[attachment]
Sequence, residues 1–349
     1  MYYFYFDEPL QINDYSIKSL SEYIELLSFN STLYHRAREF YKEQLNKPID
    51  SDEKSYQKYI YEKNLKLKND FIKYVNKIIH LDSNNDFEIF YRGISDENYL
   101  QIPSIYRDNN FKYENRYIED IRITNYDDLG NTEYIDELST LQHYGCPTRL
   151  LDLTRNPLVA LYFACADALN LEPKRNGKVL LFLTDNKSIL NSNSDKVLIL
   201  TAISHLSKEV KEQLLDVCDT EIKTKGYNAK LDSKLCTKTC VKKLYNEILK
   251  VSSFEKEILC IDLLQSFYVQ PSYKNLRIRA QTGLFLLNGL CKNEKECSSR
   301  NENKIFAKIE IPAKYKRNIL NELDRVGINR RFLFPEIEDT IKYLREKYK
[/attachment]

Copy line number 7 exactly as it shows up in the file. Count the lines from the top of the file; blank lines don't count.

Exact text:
   251  VSSFEKEILC IDLLQSFYVQ PSYKNLRIRA QTGLFLLNGL CKNEKECSSR